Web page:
Courtesy Sony Legacy/Credit: Ken Regan
More Blood, More Tracks is a six CD box set of every surviving recording from the 1974 Blood on the Tracks sessions, four in New York, two in Minnesota.
First of all, before listening to it, put aside the fact that they’ve split up.
It’s a distraction. Bob Dylan is not really a confessional songwriter. Think of his memoir, Chronicles, Volume One. It’s based in reality, but it’s been embellished, fictionalized. Occasionally, something personal might leak out in his songs, but I sometimes think of Dylan as an almost fictional character created by Bobby Zimmerman. Being one step removed, it gives him the freedom to create whatever myth he desires.
After almost eight years out of the spotlight, Dylan reunited with the Band and toured North America for six weeks in early 1974. During the interim, numerous “New Dylans” sprouted up, imitators stealing him blind. With “Tour ’74,” Dylan reclaimed the top spot. It reinvigorated him, leading to burst of creativity unseen since the mid-1960s.
After the tour, Dylan took a painting class with artist-teacher Norman Raeben. Raeben was tough on his students and Dylan the pupil was no exception, which must have been refreshing for the much-worshipped singer-songwriter. From Raeben, Dylan learned to see things from multiple angles, which would play a big role on his next batch of songs. Dylan said the experience changed his way of thinking, which led to poor communication at home. Soon after, the couple would separate.
A new year, a new label, a new beginning.
The subjects of the songs Dylan would write ranged from relationships old and new, possibly real and imagined, to fame, politics, and flights of pure fancy. After leaving Columbia Records for David Geffen’s new Asylum label in 1974, Dylan returned to Columbia’s A&R Studios in New York on Rosh Hashanah of that year, to record what would become Blood on the Tracks, considered by many to be one of the greatest albums of all time.
After the New York sessions, an acetate of ten new Dylan songs was pressed up and distributed amongst a small group of people. In the final days of the year, half the album was re-recorded in Minnesota with local musicians. Much like 1967’s Basement Tapes, once fans became aware of the outtakes, it wasn’t long before the songs were bootlegged, even if the version of “Idiot Wind” in circulation was defective. We drank up that sacred Blood like wine. Some tracks were released by Columbia in bits and pieces throughout the years. Originally scheduled to be volume 10 of The Bootleg Series, we finally have all the tracks here in one place on volume 14.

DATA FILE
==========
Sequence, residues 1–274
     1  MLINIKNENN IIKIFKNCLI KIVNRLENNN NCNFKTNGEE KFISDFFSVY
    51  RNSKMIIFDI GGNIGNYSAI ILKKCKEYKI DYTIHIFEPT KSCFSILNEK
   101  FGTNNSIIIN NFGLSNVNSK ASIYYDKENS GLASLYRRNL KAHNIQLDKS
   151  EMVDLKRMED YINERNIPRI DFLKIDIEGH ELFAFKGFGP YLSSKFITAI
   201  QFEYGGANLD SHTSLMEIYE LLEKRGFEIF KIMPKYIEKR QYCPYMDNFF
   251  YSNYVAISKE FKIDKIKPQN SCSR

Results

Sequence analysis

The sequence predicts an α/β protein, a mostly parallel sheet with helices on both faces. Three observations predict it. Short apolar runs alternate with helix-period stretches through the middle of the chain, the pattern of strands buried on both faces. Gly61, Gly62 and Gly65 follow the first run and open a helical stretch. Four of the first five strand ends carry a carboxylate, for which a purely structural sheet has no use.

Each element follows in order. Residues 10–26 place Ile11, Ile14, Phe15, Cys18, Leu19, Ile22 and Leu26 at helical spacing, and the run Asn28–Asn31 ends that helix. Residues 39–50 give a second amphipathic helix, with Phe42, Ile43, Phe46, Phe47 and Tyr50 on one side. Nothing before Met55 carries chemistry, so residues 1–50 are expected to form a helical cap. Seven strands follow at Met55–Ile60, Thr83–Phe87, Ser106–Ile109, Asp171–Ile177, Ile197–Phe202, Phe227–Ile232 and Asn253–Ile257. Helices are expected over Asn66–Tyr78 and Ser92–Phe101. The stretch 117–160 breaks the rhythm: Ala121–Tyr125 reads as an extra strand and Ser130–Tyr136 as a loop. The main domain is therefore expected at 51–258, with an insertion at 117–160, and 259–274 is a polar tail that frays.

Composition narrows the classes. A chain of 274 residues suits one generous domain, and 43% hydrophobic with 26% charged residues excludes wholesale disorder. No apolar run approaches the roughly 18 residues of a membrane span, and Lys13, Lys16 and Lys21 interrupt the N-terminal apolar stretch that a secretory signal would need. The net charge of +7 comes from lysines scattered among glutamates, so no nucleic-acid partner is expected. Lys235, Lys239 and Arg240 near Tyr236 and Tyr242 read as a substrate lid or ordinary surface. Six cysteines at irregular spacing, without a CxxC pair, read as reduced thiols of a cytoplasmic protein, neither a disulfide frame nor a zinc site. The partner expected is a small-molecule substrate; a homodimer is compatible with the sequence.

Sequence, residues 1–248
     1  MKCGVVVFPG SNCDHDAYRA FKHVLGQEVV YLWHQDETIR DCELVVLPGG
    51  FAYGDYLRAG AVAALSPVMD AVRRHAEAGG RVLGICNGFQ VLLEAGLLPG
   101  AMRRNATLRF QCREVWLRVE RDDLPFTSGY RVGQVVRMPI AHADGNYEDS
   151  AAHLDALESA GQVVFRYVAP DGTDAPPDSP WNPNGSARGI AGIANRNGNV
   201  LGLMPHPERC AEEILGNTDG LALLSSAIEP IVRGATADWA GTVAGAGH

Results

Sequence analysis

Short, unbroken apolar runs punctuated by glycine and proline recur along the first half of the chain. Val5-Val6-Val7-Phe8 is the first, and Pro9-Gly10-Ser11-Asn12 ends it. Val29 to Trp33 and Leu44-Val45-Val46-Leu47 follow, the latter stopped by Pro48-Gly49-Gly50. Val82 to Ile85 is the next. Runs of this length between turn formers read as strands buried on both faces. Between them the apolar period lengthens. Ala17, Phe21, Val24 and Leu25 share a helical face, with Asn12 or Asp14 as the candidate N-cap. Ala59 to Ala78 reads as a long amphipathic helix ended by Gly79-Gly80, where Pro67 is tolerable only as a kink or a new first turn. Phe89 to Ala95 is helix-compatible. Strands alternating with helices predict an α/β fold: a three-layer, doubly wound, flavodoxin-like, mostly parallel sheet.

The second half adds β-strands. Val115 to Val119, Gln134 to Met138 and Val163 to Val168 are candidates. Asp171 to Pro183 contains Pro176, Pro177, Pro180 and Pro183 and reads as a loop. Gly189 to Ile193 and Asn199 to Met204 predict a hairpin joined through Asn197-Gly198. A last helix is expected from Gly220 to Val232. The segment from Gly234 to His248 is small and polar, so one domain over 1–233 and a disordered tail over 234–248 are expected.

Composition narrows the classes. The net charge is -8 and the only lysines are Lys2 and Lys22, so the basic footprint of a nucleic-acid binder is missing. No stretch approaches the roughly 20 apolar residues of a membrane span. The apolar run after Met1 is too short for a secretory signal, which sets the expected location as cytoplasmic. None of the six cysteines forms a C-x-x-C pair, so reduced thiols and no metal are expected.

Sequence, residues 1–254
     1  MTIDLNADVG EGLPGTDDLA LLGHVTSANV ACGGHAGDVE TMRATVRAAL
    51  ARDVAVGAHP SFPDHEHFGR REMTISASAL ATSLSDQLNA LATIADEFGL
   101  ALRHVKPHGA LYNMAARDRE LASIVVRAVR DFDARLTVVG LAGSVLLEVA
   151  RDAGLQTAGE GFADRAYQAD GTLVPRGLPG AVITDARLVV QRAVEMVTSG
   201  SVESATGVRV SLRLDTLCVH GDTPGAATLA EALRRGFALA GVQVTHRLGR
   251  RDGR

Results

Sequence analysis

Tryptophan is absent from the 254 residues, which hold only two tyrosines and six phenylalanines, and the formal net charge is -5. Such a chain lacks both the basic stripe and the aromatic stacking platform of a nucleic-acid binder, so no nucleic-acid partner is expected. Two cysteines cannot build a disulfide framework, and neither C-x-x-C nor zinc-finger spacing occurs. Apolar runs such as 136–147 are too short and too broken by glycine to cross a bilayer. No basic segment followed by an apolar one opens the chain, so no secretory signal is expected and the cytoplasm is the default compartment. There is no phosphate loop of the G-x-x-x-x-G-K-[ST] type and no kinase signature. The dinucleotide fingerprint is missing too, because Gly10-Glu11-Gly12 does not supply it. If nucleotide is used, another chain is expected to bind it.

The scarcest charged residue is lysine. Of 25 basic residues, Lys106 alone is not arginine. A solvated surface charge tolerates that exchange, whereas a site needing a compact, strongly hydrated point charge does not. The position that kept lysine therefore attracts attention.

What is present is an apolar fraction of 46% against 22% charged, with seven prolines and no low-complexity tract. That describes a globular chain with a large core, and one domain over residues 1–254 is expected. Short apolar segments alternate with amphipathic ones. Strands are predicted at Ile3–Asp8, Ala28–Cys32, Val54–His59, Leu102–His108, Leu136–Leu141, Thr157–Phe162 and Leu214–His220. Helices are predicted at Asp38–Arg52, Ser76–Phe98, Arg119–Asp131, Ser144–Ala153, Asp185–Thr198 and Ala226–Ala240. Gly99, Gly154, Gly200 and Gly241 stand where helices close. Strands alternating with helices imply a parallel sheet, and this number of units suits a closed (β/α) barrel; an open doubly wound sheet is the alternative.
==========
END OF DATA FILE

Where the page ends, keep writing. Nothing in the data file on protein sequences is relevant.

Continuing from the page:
While Brian Wilson, and the Beatles with George Martin, used the recording studio as a musical canvas with orchestras and backwards tapes, Dylan accomplished the same thing in a more lofi manner. Throughout these six CDs, it’s obvious he worked quickly, never staying in one place too long. Dylan fine tuned each of the eleven (more or less) compositions, slightly adjusting the tempo, arrangement, and/or phrasing, then moving on to the next one.
The first session, on September 16, 1974, began with multiple takes of five songs, here all on disc one. Just Dylan with his voice, guitar, harmonica, and, for percussion, the buttons on his jacket scraping his acoustic. The songs were still fresh, and Dylan was focused, confident, and intense. You can tell he knew these songs were special. It was a summation of everything beforehand, and he was taking it to a new and different peak. His voice had softened, now more nuanced, vulnerable. Not full of anger or self pity, just resigned to his new reality.
Later that same day, Eric Weisberg (of “Dueling Banjos” same), and his band, were recruited to add some instrumental backing, taking up all of disc two. It was not much of a success. “Simple Twist of Fate” sounds almost like Yacht Rock, while the country stomp on “You’re Gonna Make Me Lonesome When You Go” fared somewhat better. Only the bluesy takes on “Call Letter Blues”/”Meet Me in the Morning” (same melody, different lyrics) could be called a success (although I question whether Dylan recorded both vocals the same day.)
On the 17th, Dylan returned to the studio with only bassist Tony Brown, and Buddy Cage on steel guitar, from the previous day, along with Highway 61 alumnus Paul Griffin on keyboards. This stripped down sound, which starts with track two on disc three, and continues into disc six, would define most of the original version of Blood on the Tracks. There was an interesting rehearsal jazzy/honky tonk bass-and-piano attempt at “Call Letter Blues,” but this was abandoned.
The following day, Dylan recorded alone again, with four “remakes” of “Buckets of Rain,” included on disc four. For the final mammoth New York session on the 19th, Brown returned. By this time, it feels like Dylan was now more trusting and comfortable with Brown, giving him some instructions for the changes on “Idiot Wind.” At the start of the sixth disc, Dylan says he’s apparently having trouble getting into “You’re a Big Girl Now,” evidence of his distaste of spending too much time in the studio. (I always wondered if this song was inspired by the Lovin’ Spoonful’s hit, “You’re a Big Boy Now,” written by mid-60s travelling companion and side man, John Sebastian.)